Saturday, March 17, 2012

University of Cambridge develops device that erases the printed paper

Is usual to find, next to areas of reprographics or printing of any office, a recycling bin for paper that is usually full of papers printed by mistake, pages that were printed for a meeting or papers were sent to print and person who sent you forgot to pick up work. Now that many companies are adjusting structural costs to cut costs, spending on printing and paper is one of the many companies reviewed, both in economic terms as the protection of the environment. Thinking of saving paper, a team from the University of Cambridge has been working on an "anti-printer" can clear a paper printed by a laser printer for recycling in the office and can be reused .

Typically, in a laser printer, as its name implies, uses a laser to ionize positively charged areas of the paper on which to print and which are projected toner particles are negatively charged and are attracted to these areas, then through the printer fuser heat the paper and the ink adheres to it, giving your printed paper output. In the case of anti-printer, a laser is used triggering light pulses, of a few picoseconds in duration, which serve to detach toner without damaging the paper. Using a green light laser, the beam is absorbed by the toner (colored black) by heating until the ink particles emerge but, however, this light passes through the paper pulp without altering their structure.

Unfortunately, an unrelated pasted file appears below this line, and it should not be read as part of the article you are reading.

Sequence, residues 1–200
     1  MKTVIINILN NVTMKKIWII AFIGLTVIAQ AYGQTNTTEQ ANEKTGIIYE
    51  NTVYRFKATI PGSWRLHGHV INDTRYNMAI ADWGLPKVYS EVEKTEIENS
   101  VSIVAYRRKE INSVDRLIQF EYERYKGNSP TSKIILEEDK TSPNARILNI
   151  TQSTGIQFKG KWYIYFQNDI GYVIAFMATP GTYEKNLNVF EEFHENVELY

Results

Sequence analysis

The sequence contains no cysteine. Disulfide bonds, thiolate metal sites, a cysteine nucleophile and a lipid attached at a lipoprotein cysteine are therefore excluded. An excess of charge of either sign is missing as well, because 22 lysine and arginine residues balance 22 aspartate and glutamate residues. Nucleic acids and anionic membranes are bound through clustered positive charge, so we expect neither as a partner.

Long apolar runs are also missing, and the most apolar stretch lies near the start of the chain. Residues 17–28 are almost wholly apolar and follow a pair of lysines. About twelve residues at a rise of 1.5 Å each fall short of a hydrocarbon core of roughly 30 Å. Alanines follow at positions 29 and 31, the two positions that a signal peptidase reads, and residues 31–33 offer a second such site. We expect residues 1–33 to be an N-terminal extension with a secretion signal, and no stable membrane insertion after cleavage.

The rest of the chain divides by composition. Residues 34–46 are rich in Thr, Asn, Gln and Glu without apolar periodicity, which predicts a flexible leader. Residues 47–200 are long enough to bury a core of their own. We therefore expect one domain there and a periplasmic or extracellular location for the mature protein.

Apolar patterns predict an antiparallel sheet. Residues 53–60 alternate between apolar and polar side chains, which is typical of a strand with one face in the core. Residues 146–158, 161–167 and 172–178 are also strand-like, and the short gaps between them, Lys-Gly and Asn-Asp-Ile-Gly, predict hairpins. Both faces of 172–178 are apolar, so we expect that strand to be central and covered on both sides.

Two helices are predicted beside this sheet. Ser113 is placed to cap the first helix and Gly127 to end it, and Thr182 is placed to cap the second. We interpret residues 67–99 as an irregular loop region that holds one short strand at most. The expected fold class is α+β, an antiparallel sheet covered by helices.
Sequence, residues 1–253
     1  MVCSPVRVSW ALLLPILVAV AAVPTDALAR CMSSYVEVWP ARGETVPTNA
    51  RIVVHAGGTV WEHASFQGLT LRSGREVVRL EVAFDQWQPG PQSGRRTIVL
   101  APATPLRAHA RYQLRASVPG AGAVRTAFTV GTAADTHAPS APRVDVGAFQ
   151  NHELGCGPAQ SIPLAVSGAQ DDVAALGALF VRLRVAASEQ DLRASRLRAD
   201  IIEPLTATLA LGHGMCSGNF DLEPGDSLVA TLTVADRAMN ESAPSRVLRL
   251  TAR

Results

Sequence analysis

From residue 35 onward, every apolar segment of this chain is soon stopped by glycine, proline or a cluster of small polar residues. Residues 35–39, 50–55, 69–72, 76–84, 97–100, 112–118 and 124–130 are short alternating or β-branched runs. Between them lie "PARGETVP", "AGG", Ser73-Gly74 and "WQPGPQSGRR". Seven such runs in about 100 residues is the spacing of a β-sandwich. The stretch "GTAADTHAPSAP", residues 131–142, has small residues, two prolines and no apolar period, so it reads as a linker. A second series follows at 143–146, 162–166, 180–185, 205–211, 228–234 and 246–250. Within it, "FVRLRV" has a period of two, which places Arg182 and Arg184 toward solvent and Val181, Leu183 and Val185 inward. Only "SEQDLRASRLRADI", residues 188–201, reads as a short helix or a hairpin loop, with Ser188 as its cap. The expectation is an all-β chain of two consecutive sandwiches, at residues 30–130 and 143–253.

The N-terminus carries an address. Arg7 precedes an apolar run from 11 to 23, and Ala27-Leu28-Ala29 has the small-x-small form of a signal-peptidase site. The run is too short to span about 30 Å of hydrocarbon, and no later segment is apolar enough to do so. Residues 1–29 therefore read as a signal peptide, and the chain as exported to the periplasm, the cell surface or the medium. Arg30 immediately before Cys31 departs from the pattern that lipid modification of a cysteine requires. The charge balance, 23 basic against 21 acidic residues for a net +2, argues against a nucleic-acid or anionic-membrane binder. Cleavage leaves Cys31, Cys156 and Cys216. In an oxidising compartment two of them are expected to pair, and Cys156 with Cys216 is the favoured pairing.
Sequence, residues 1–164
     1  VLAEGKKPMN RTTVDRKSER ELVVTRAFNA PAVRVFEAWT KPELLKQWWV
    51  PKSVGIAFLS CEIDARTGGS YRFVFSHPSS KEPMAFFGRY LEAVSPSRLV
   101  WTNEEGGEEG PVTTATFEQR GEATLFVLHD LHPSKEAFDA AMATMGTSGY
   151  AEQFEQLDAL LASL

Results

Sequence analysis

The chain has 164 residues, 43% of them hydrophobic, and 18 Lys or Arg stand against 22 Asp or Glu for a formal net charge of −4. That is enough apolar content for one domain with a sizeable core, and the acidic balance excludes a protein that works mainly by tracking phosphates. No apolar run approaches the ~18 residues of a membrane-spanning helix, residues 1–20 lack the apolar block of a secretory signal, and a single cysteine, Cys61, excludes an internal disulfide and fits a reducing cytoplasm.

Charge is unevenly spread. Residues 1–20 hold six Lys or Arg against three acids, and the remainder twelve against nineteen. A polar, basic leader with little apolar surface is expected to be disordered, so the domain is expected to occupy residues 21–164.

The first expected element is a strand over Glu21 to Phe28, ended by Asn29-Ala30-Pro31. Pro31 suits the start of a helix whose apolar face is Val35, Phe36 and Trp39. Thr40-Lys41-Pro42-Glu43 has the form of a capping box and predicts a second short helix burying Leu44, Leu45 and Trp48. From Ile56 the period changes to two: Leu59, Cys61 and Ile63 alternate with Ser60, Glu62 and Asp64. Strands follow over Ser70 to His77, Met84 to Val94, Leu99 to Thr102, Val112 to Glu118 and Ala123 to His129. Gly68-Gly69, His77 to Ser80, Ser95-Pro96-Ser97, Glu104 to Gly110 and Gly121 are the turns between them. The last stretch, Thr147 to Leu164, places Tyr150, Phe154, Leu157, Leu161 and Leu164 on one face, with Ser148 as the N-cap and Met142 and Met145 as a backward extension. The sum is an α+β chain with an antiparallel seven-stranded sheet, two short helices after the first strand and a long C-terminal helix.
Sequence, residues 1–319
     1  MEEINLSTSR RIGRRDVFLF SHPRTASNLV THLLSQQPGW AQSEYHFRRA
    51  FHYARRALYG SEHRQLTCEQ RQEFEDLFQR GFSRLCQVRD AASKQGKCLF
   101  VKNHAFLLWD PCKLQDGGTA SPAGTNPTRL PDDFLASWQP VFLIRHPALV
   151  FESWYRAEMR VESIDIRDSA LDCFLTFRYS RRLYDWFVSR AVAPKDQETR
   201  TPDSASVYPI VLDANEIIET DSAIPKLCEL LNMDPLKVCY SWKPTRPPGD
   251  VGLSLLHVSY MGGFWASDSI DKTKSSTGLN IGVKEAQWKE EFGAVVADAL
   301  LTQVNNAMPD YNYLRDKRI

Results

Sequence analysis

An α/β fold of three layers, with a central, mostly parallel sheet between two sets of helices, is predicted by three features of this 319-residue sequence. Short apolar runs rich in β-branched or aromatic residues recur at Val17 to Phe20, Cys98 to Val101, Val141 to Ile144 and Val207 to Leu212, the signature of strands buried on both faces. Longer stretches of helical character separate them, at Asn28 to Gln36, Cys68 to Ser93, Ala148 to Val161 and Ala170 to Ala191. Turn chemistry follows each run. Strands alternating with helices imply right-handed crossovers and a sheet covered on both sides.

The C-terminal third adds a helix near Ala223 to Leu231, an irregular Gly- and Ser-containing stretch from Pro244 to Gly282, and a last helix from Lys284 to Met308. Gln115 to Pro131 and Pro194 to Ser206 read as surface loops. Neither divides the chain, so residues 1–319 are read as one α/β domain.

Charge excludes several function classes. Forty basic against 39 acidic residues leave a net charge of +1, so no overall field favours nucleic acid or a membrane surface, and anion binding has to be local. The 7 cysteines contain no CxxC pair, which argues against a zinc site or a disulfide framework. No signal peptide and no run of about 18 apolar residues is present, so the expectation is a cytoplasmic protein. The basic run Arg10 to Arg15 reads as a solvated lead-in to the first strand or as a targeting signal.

The work was carried out by David Ricardo Leal, and J. Ayala M. Allwood Engineering Department, University of Cambridge in collaboration with M. Schmidt and I. Alexeev of Lehrstuhl für Photonische Technologien (Institute of Photonic Technology) of the Friedrich-Alexander University of Erlangen-Nuremberg and published in the Proceedings of The Royal Society.

What use can have a system? For starters, this printer could save tons of paper in business and government and therefore could be avoided carbon emissions associated with the paper industry (in addition to the trees would be saved from logging). What about recycling paper does not do that already? Yes, that's one of the objectives of the paper recycling but the recycling process also leaves a carbon footprint (CO2 emissions) of its own activity is not negligible. Indeed, the anti-Cambridge printer produces half the emissions of CO2 (carbon footprint from electricity consumption) the recycling of paper in the conventional industry but today, we may be able to achieve something away from this technology in a commercial circuit.

A laser light source capable of emitting pulses of the order of picoseconds is something that, for now, is available to a few research centers and, therefore, it is difficult that may be developed to commercial devices in the offices sited short term. Still, it's a pretty interesting invention.

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